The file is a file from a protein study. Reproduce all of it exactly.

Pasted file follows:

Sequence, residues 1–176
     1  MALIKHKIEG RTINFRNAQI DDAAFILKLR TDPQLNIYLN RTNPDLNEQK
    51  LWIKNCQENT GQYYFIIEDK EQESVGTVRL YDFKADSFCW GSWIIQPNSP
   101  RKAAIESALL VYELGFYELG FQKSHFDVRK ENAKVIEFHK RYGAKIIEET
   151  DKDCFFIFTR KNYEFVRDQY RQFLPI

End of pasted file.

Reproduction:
Sequence, residues 1–176
     1  MALIKHKIEG RTINFRNAQI DDAAFILKLR TDPQLNIYLN RTNPDLNEQK
    51  LWIKNCQENT GQYYFIIEDK EQESVGTVRL YDFKADSFCW GSWIIQPNSP
   101  RKAAIESALL VYELGFYELG FQKSHFDVRK ENAKVIEFHK RYGAKIIEET
   151  DKDCFFIFTR KNYEFVRDQY RQFLPI